- The lifetime risk (to age 85) of a woman developing breast cancer in 1940 was 5% or 1 in 20; the risk is now 12.6% or 1 in 8. In women 40-49 years of age there is a 1 in 66 risk of developing breast cancer compared with a 1 in 40 risk among women in the 50-59 year age group.
- Randomized controlled trials have demonstrated reduced mortality rates (20-40%) from breast cancer among women invited to undergo screening mammography compared with control groups.
- Although statistically significant benefits/reductions in breast cancer mortality are delayed 10 to 15 years among women 40-49 years of age at the time of screening, several of the screening trials have reported a benefit (23-44%) from screening women 40-49 years of age.
- The benefit of mammography is related to early detection. Regardless of the histological grade of a tumor, a greater than 90% ten year survival has been reported in 40-74 year old women diagnosed with tumors that are 10 mm or smaller in size.
- The effectiveness of any breast screening program will depend on screening frequency, compliance with screening recommendations and the quality of the screening test. These tests can include a self breast exam or mammography.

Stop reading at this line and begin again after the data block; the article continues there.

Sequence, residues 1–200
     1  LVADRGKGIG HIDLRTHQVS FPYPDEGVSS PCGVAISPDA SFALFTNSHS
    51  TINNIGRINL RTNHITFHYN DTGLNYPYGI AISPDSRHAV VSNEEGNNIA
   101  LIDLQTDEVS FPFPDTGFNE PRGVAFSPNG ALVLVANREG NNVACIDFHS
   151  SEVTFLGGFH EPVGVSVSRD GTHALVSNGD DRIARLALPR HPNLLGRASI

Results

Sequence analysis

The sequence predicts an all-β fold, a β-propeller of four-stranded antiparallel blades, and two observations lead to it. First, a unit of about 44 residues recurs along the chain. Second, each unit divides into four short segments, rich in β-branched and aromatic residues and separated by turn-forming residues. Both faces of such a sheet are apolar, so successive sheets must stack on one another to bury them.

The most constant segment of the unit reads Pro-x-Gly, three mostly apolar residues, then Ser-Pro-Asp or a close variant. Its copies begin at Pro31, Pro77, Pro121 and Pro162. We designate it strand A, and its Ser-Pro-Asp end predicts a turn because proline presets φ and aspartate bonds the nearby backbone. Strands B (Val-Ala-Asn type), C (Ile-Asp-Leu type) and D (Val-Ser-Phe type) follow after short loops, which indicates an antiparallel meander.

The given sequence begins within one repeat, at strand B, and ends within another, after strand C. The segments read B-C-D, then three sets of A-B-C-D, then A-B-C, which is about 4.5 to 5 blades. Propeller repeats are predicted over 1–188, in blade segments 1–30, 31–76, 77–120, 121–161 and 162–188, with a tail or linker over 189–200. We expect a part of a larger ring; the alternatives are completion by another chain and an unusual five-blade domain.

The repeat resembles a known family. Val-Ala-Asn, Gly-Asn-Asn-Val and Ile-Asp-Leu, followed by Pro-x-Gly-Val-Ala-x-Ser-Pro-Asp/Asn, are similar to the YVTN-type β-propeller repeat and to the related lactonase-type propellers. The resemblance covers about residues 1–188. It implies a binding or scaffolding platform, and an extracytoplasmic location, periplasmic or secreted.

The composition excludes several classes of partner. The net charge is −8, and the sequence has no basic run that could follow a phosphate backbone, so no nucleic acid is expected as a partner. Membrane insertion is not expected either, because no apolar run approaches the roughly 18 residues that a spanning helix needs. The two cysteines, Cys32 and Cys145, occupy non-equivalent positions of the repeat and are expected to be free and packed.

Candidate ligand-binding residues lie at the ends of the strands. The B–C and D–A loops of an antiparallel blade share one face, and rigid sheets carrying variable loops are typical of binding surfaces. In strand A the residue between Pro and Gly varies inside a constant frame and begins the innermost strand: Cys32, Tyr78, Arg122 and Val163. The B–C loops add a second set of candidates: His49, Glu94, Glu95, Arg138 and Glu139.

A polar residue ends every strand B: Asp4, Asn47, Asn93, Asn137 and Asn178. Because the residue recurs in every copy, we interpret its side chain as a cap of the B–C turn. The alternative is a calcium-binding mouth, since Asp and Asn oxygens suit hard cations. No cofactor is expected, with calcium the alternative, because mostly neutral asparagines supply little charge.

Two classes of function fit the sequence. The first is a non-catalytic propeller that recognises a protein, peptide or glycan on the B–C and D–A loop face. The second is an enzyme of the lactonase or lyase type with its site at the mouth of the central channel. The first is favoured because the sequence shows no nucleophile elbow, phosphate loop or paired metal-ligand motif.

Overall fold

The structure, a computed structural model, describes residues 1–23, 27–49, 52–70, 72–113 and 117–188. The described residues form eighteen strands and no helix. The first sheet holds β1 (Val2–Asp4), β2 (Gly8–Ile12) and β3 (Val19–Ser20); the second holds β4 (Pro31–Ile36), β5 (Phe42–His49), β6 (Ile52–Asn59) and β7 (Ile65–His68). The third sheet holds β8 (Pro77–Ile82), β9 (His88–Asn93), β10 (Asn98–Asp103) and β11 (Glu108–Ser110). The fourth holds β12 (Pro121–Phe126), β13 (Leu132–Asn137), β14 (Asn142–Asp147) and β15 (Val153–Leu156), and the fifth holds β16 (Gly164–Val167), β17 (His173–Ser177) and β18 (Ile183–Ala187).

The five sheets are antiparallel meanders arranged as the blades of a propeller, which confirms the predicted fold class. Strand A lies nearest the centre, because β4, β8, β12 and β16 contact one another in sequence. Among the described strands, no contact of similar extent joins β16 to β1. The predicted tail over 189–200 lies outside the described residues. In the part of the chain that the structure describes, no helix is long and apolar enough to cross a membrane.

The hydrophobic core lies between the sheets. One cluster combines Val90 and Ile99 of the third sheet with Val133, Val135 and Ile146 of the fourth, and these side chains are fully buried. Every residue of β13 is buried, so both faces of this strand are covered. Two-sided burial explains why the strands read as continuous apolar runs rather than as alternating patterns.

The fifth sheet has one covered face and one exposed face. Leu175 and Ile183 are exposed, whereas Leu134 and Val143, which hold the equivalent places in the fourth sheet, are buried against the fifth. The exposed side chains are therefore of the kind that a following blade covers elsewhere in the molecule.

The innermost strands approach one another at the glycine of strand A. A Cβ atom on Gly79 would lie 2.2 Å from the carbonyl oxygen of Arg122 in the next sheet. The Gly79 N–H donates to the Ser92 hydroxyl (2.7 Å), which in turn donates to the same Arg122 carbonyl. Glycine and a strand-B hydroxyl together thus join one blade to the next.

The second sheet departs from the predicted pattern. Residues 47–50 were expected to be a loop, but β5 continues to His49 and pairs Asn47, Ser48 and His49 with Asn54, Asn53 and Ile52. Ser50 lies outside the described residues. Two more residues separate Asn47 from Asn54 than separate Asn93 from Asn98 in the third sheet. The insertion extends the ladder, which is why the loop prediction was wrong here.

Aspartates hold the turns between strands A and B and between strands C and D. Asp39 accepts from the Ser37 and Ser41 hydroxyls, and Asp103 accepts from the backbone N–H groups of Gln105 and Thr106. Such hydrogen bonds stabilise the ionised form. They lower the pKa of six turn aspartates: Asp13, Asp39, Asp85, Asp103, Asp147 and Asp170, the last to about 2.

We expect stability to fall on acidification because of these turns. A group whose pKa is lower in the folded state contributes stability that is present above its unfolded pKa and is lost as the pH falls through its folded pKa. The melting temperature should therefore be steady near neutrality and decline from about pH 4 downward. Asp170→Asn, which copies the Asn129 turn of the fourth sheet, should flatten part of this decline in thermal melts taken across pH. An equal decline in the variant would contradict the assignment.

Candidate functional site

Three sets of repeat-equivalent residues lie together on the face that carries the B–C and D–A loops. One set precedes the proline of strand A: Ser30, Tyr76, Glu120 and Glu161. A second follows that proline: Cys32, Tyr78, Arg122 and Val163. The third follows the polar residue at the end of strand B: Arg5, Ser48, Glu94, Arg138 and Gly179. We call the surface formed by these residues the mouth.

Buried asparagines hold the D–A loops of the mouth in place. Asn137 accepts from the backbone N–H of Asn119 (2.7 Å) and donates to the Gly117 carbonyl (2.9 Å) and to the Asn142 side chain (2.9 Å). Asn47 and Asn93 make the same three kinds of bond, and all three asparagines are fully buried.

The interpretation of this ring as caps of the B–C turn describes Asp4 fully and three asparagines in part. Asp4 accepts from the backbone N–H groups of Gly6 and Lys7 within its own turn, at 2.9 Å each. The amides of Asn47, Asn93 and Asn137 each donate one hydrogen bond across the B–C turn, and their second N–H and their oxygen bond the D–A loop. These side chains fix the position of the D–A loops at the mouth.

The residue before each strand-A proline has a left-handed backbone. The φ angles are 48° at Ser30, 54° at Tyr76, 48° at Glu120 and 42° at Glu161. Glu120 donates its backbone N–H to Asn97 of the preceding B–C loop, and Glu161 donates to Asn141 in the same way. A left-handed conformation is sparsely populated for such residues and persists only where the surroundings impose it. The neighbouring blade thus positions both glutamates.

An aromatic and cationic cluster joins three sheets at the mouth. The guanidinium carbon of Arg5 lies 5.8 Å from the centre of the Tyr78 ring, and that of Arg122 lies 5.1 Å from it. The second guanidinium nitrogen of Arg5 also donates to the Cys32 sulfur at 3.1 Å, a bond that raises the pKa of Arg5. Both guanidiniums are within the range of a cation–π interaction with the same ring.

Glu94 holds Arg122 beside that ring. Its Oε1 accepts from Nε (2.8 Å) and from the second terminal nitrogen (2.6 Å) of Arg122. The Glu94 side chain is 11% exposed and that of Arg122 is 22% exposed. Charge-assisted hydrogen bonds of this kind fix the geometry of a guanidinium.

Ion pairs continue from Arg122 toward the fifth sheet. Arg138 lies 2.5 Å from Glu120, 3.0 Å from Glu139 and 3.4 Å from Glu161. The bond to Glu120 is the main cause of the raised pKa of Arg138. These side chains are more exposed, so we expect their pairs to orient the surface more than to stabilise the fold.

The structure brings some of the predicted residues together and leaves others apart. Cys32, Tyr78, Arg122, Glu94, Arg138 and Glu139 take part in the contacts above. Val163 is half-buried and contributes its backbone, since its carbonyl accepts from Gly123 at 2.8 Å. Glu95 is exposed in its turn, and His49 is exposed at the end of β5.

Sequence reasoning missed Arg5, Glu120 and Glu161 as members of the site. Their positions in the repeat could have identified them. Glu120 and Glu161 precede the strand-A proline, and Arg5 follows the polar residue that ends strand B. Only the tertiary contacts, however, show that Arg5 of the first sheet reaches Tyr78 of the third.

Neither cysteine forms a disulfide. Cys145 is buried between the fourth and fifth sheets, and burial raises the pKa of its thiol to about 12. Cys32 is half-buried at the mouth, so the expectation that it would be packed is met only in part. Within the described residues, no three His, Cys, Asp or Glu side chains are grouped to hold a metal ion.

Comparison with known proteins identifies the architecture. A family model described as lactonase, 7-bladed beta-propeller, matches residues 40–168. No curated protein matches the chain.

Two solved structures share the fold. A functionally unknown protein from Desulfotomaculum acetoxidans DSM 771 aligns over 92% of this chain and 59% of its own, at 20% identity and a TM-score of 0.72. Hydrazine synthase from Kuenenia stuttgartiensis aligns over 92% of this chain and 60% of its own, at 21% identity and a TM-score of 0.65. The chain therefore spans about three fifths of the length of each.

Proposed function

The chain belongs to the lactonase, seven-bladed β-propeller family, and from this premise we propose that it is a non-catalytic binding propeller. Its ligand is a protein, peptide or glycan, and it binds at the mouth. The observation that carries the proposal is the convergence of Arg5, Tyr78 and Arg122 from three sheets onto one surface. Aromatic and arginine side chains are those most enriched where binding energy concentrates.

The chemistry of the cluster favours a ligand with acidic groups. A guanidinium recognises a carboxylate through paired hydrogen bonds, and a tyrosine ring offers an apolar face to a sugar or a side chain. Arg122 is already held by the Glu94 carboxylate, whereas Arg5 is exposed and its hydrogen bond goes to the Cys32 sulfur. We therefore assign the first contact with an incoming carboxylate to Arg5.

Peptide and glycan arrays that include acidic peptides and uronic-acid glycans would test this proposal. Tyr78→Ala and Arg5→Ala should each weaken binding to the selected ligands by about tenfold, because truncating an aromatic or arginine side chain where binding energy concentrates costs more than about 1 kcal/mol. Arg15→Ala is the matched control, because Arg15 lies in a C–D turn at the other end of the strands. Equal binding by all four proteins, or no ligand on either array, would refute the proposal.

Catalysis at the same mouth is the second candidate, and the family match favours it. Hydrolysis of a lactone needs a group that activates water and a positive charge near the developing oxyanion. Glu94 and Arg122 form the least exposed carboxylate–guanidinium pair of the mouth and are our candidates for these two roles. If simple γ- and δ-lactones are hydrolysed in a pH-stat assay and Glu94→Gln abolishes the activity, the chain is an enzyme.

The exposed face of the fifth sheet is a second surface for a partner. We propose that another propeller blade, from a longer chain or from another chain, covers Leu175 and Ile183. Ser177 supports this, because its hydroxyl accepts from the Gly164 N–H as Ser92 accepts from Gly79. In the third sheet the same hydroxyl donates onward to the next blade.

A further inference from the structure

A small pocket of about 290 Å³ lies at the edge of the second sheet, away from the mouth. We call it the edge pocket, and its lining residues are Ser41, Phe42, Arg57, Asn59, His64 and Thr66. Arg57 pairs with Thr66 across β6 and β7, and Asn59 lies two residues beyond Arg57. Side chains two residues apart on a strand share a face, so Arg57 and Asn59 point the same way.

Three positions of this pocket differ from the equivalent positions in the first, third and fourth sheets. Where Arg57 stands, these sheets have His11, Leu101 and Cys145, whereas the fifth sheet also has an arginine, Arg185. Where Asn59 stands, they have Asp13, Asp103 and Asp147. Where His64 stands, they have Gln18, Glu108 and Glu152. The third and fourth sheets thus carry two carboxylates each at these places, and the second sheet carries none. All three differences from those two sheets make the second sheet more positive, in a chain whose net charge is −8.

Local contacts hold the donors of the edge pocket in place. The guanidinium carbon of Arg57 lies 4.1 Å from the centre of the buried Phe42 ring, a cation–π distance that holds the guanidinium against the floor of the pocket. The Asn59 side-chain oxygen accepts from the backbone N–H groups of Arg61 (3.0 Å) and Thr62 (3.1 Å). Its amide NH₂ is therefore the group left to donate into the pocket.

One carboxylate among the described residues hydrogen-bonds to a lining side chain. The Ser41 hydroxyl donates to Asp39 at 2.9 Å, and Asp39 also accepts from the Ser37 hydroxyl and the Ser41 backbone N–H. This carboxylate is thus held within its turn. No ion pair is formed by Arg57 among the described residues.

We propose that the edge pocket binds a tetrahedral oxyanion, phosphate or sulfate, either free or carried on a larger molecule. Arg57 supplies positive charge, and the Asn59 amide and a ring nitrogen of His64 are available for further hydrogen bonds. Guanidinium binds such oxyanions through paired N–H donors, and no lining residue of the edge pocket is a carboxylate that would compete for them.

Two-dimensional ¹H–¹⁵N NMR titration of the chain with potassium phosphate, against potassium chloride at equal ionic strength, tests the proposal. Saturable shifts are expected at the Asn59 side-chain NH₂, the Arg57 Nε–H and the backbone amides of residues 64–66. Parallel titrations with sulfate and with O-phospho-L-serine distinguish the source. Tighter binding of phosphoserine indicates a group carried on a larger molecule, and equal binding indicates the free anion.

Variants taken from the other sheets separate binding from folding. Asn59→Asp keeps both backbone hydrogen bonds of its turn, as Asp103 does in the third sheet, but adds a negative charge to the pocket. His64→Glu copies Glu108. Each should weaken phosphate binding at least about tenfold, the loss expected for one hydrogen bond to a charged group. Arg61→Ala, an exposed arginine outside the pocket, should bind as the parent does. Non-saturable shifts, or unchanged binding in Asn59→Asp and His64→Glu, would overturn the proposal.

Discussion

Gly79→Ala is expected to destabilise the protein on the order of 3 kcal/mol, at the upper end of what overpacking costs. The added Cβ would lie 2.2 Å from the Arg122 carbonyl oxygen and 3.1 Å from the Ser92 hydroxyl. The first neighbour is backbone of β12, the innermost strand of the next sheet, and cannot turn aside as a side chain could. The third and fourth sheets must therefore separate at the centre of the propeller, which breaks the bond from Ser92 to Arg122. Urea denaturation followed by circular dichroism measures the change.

- In establishing breast screening frequencies, breast cancer growth rates need to be considered. The sojourn time (average time for mammographically detectable, preclinical cancers to become clinically apparent) for all breast cancer types is shorter for pre-menopausal women compared with post-menopausal women supporting annual screening in 40-49 year old women: 1.8 years in 40-49 year old women and 3.5 years in women 50 years of age or older.
Recommendations for Breast Cancer Screenings and Breast Exams
- Monthly self breast exam starting at age 20.
- Annual breast exam by a health care provider starting at age 40.
- Annual screening mammography starting at age 40.
- Women in high-risk categories (first-degree relative with breast cancer; personal history of breast cancer; prior biopsy with atypical ductal hyperplasia or lobular carcinoma in situ) may want to consider starting breast screenings and breast exams at age 30.
This information is provided by Cleveland Clinic and is not intended to replace the medical advice of your doctor or health care provider. Please consult your health care provider for advice about a specific medical condition.